Archivists in Australia working on the digital restoration of an incomplete travelogue from 1935 discovered that it contains the last known footage of a Tasmanian tiger.
The newly restored footage, prepared by the National Film and Sound Archive of Australia (NFSA), shows a male Tasmanian tiger pacing around in his cage. The scene was captured at some point in late March 1935, just 18 months before this thylacine – the last captive Tasmanian tiger – passed away, according to an NFSA press release. The previous last-confirmed footage dates to December 1933.
Videos of Tasmanian tigers are super rare, amounting to less than three minutes worth of content in total. The new footage adds 21 precious seconds to this tally.
Interestingly, the old-timey narration makes mention of the species’ rarity.
“The Tasmanian tiger, easily distinguished by his striped, unjointed tail, is also a dangerous opponent,” declares the narrator. “Though like the devil, he is now very rare, being forced out of its natural habitat by the march of civilization. This is the only one in captivity in the world.”
At the right of the frame, a pair of zookeepers can be seen rattling the thylacine’s cage to elicit a response. The marsupial predator, named Benjamin after his death, is quite striking, resembling a cross between a tiger and a dog.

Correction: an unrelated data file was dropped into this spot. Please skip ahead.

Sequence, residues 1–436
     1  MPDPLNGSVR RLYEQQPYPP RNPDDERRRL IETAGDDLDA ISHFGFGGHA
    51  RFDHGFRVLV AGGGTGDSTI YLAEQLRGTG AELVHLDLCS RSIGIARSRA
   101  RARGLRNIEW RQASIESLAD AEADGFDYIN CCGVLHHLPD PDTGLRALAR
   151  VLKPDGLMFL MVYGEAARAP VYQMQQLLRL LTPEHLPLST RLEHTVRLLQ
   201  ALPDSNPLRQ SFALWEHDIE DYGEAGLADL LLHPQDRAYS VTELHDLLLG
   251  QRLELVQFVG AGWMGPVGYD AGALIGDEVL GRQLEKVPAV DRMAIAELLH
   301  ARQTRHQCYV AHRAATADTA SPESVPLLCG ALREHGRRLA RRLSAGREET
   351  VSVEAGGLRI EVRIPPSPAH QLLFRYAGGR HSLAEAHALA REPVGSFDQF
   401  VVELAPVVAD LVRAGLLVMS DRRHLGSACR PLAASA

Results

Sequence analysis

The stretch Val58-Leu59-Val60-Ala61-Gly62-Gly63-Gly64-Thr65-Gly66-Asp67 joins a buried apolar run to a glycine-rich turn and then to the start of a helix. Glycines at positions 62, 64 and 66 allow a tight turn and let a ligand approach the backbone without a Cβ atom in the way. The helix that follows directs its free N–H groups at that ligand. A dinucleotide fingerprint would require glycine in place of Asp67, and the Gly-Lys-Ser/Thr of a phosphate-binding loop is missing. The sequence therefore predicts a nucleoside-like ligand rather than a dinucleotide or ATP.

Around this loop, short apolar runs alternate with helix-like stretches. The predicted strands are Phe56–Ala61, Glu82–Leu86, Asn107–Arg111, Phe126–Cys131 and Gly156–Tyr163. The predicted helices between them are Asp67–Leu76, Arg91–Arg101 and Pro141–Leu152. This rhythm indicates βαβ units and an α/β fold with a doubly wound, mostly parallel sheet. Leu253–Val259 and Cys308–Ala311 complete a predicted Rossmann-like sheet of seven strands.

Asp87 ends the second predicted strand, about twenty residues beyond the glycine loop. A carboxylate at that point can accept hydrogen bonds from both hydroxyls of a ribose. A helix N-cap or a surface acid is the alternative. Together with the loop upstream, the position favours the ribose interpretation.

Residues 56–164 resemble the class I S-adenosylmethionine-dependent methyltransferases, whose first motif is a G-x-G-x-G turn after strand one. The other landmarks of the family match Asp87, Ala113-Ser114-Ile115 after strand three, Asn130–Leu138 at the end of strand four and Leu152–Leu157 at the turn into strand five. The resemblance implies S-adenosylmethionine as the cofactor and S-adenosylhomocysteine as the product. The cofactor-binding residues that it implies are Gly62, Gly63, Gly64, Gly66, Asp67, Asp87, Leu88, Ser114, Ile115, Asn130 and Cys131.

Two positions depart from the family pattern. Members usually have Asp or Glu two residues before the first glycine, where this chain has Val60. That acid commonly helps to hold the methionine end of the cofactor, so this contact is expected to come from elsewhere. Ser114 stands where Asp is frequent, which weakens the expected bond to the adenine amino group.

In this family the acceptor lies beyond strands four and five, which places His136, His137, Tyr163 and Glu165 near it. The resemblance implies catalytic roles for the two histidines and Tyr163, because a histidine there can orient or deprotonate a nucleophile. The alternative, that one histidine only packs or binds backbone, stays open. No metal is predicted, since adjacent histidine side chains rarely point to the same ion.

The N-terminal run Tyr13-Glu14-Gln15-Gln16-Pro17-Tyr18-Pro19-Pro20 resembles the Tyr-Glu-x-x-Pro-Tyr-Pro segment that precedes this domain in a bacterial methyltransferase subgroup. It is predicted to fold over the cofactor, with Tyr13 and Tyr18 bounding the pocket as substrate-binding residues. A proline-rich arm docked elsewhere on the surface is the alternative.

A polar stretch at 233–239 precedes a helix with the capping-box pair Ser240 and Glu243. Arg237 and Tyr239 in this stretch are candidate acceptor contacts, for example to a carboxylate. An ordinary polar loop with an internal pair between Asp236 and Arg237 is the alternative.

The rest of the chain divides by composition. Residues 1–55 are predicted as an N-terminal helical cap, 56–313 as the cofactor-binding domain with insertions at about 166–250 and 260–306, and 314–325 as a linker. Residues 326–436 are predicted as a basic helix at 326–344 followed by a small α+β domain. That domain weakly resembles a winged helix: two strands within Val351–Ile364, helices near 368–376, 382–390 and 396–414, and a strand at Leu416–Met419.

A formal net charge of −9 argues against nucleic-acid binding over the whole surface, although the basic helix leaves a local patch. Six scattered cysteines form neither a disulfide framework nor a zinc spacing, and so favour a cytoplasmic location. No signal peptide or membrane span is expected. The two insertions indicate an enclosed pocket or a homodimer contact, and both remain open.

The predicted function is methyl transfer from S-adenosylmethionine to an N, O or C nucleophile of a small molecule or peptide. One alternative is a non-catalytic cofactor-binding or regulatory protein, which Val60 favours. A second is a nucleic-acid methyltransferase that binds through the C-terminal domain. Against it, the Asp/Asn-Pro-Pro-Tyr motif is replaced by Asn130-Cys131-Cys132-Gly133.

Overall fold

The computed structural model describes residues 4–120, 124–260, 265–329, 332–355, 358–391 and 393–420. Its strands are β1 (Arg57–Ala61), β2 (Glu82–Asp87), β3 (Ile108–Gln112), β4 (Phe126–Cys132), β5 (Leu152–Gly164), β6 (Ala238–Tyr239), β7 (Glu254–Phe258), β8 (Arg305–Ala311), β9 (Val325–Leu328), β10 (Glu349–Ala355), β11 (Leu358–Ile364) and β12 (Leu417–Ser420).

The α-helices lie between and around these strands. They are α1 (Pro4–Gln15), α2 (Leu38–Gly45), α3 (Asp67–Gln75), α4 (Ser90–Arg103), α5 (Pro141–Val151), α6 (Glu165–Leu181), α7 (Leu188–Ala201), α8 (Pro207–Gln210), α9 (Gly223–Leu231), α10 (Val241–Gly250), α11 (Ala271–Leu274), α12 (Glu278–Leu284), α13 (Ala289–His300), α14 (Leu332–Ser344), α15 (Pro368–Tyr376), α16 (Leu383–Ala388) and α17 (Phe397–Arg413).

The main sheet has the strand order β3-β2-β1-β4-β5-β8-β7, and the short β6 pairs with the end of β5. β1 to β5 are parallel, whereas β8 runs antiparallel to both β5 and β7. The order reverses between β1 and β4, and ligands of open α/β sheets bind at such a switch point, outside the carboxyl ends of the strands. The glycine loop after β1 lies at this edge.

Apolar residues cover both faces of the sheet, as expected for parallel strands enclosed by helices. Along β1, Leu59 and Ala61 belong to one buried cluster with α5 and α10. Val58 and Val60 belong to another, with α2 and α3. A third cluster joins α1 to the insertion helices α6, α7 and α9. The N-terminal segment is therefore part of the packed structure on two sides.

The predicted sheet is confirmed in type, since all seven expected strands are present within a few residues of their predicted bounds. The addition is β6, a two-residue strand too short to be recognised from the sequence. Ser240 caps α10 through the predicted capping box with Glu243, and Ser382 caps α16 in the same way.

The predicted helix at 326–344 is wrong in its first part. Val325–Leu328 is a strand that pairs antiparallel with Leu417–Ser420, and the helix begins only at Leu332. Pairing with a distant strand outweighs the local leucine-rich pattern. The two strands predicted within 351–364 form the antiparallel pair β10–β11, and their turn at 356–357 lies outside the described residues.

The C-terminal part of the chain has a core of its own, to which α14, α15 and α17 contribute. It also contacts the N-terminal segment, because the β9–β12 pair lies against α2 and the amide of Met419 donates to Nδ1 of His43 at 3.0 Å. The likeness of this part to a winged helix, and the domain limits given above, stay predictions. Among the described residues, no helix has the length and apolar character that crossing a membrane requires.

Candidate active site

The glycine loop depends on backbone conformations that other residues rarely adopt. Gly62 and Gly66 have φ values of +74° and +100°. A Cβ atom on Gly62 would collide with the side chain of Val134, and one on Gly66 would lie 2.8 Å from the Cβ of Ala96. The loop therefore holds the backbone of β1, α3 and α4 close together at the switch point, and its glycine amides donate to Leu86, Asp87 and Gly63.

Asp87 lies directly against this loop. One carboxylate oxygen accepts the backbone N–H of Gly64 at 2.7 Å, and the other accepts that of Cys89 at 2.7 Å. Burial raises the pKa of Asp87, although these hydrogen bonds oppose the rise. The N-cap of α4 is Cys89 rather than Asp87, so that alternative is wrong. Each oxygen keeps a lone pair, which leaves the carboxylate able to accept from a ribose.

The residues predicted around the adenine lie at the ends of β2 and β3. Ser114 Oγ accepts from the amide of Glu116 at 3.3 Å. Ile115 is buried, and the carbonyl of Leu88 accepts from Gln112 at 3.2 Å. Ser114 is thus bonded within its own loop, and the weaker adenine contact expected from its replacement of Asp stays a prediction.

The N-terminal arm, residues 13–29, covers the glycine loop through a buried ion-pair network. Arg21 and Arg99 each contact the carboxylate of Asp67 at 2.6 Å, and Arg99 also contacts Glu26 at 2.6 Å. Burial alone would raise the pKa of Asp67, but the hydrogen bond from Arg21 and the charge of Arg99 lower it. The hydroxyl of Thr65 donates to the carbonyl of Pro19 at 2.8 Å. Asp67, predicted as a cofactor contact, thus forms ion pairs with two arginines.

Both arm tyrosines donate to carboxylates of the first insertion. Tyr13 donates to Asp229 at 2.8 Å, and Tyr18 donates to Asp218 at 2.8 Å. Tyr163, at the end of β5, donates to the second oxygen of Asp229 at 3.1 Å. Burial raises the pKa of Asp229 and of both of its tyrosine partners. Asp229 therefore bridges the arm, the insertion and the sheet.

The rediscovered footage was found within a forgotten travelogue called Tasmania the Wonderland, which was presumably shot by Sidney Cook (1873-1937), a prolific Australian filmmaker and exhibitor. With the assistance of the Tasmanian government, Cook embarked on project to create a “talkie travelogue,” which he hoped to screen in cinemas across Australia and boost tourism to Tasmania.
The restored 35 mm nitrate film, digitised to 4K, contains just 9 minutes of footage (the total running length of the original is not known) and has no end credits.
Filming for the project began on January 17, 1935 and included trips across much of the island. Unfortunately, only scenes shot in and around the city of Hobart survived, including shots of double-decker streetcars, Sandy Bay Beach, Lady Franklin Museum, and the Beaumaris zoo, which held the Tasmanian tiger along with lions, polar bears, and various animals native to Australia. Tasmania the Wonderland was completed and screened at the Royal National Exhibition in Brisbane in September 1935, according to the NFSA.
The newly released footage is wonderful, but we still don’t have video of Tasmanian tigers in the wild, colour photographs, or recordings of their vocalisations. This is not outside the realm of possibility, as yet-to-be rediscovered films might include these elusive elements. In addition to Australia, Tasmanian tigers were kept at zoos in the United States, Germany, Belgium, and Britain.